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Disgraced Former House Speaker Dennis Hastert Reports To Prison

Former House Speaker Dennis Hastert arrives at the federal courthouse in Chicago last year for his arraignment.
Charles Rex Arbogast
Former House Speaker Dennis Hastert arrives at the federal courthouse in Chicago last year for his arraignment.

Dennis Hastert, the once-powerful Republican lawmaker, reported to federal prison today to begin serving a 15-month sentence.

The case against Hastert involved hush money he paid to cover up his sexual abuse of teenage boys in the 1960s and 70s when he was working as a wrestling coach at a high school about 50 miles west of Chicago.

At his sentencing hearing in April, Hastert admitted molesting boys and said he was "ashamed." U.S. District Judge Thomas Durkin called Hastert a "serial child molester."

It's been a dramatic fall for Hastert from the the top of the Washington establishment. The Chicago Tribune puts it this way:

"When Dennis Hastert served as the nation's longest-reigning Republican U.S. House speaker, he had a secure phone to the White House and could look upon the Washington Monument and Lincoln Memorial from the balcony of his posh Capitol office.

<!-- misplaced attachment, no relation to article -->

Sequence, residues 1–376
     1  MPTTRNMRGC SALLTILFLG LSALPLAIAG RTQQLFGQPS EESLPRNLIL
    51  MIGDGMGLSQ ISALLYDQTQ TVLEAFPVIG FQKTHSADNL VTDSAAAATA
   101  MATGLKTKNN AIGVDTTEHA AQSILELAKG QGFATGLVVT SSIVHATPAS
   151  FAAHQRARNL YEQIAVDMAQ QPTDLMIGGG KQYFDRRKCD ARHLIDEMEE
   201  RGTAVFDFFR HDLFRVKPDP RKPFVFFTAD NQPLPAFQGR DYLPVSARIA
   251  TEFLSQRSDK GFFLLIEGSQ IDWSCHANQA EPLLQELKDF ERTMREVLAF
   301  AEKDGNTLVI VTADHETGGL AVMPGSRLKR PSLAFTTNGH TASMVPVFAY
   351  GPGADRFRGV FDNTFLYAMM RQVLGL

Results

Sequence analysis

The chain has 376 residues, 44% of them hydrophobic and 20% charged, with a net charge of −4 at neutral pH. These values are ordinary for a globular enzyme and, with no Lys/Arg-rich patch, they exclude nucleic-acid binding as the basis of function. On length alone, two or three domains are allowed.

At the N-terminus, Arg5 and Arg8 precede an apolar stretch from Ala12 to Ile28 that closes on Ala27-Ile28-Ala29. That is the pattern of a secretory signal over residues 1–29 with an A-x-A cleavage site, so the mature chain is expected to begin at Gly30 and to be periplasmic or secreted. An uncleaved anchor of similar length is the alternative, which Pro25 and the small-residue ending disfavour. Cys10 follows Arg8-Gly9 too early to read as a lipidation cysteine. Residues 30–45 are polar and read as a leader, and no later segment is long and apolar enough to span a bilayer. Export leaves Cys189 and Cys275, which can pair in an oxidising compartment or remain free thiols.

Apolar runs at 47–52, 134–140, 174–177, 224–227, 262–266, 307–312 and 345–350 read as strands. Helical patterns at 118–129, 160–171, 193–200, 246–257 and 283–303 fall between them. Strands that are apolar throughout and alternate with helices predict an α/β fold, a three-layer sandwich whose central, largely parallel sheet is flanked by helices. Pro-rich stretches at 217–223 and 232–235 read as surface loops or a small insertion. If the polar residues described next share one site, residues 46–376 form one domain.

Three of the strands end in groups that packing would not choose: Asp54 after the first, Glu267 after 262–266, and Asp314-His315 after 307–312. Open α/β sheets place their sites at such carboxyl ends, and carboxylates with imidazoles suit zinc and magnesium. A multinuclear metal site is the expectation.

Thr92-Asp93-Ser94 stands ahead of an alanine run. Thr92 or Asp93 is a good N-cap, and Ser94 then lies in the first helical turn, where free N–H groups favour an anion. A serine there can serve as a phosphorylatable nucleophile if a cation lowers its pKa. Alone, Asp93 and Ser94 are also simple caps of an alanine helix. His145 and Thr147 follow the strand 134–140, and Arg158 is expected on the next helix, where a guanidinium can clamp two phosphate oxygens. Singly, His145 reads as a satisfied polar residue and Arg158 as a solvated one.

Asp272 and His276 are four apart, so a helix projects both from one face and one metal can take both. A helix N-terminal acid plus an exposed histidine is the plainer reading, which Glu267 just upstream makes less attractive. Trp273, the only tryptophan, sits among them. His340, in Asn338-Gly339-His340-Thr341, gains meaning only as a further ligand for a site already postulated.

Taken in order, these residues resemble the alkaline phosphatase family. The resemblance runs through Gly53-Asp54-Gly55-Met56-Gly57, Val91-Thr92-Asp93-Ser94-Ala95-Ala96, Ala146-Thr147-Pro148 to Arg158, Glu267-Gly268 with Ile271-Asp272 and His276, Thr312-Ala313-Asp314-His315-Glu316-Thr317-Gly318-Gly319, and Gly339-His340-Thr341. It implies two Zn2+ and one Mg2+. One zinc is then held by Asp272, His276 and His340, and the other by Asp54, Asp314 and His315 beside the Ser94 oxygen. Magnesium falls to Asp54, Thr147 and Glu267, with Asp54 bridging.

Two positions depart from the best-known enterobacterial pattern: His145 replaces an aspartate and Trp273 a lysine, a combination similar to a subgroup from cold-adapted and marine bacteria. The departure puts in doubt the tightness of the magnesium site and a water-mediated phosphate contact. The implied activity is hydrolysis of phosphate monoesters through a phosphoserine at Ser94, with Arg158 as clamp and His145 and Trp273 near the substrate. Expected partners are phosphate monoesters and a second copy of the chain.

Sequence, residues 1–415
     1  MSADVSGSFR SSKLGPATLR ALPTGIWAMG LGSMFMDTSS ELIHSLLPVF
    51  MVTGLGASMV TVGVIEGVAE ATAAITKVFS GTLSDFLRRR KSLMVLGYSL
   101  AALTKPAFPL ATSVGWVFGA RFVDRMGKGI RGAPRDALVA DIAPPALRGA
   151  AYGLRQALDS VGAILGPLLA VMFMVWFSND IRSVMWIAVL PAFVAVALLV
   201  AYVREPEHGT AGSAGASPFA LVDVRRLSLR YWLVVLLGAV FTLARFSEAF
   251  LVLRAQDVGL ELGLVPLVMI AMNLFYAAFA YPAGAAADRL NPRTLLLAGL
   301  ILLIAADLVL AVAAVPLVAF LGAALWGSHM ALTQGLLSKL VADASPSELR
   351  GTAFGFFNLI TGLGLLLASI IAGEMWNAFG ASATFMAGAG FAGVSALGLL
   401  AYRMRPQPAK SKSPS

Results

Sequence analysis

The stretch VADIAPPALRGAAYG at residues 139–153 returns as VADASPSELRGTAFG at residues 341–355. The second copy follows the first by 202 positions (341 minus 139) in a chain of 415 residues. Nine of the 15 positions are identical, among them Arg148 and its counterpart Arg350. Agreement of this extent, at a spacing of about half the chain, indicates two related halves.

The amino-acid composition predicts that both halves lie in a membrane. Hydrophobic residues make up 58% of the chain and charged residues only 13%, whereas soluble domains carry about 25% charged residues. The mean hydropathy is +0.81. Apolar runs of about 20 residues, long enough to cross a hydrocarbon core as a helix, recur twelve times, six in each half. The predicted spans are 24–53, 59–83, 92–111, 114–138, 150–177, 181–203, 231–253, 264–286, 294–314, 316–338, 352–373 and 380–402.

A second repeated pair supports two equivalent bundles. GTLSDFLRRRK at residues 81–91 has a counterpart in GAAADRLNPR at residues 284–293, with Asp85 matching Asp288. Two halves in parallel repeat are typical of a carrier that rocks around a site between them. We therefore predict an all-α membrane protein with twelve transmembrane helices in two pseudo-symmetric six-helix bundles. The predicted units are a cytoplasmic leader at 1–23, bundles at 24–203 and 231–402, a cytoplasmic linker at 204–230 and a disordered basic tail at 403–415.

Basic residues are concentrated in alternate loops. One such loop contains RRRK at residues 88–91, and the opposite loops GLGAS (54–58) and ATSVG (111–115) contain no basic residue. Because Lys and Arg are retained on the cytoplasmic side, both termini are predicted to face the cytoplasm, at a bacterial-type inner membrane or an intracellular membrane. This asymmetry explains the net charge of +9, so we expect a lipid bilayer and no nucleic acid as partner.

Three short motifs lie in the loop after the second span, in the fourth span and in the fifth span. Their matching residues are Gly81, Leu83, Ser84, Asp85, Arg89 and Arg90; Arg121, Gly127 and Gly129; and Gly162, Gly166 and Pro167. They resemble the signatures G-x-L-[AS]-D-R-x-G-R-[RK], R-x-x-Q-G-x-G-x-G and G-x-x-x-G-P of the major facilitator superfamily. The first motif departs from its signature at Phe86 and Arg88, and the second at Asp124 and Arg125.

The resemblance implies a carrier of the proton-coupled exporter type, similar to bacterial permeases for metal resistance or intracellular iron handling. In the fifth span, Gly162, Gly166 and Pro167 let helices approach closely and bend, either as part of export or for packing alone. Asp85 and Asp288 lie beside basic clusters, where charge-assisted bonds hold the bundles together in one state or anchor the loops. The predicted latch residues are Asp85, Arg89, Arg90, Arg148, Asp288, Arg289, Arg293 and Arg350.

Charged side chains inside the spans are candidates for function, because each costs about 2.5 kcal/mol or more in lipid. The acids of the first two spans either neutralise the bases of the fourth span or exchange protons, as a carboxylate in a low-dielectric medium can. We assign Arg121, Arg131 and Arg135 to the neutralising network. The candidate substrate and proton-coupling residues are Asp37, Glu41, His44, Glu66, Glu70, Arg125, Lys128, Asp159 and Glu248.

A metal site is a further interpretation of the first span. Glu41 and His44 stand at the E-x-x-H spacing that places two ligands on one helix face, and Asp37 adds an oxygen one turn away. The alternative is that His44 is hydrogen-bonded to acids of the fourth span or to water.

"But, when the disgraced Illinois politician surrenders this week at a federal prison hospital in Minnesota, a life that began from humble beginnings while working on the back of a feed truck amid Midwestern farmland will once again take a dramatic, unexpected turn."

Hastert will now become federal inmate number 47991-424. The 74-year-old former congressman is in poor health and will be serving his sentence at the Federal Medical Center-Rochester in Rochester, Minn. A federal judge rejected his plea for probation.

As the Two-Way has reported:

"[As part of a deal with federal prosecutors,] Hastert pleaded guilty in October to illegally structuring bank withdrawals to evade reporting rules for large transactions. That money was used to conceal alleged sexual misconduct — given to a man who says Hastert abused him when he was 14.

"The alleged victim, identified in court documents as 'Individual A,' is suing Hastert for not paying the full amount agreed upon between the two. He says Hastert paid $1.7 million out of $3.5 million in 'compensation.'

"The [plea] deal states that Hastert 'agreed to provide Individual A $3,500,000 in order to compensate for and keep confidential his prior misconduct against Individual A.'

"It goes on to say that from July of 2012 to December 2014, Hastert withdrew $952,000 in amounts below $10,000 to 'evade currency transaction reporting requirements' on more than 100 occasions."

Hastert will be required to turn in his civilian clothes and wear prison garb. He will be allowed a radio (with headphones), five books and two decks of playing cards, but personal computers are not allowed, according to the inmate orientation guide.

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NPR correspondent Chris Arnold is based in Boston. His reports are heard regularly on NPR's award-winning newsmagazines Morning Edition, All Things Considered, and Weekend Edition. He joined NPR in 1996 and was based in San Francisco before moving to Boston in 2001.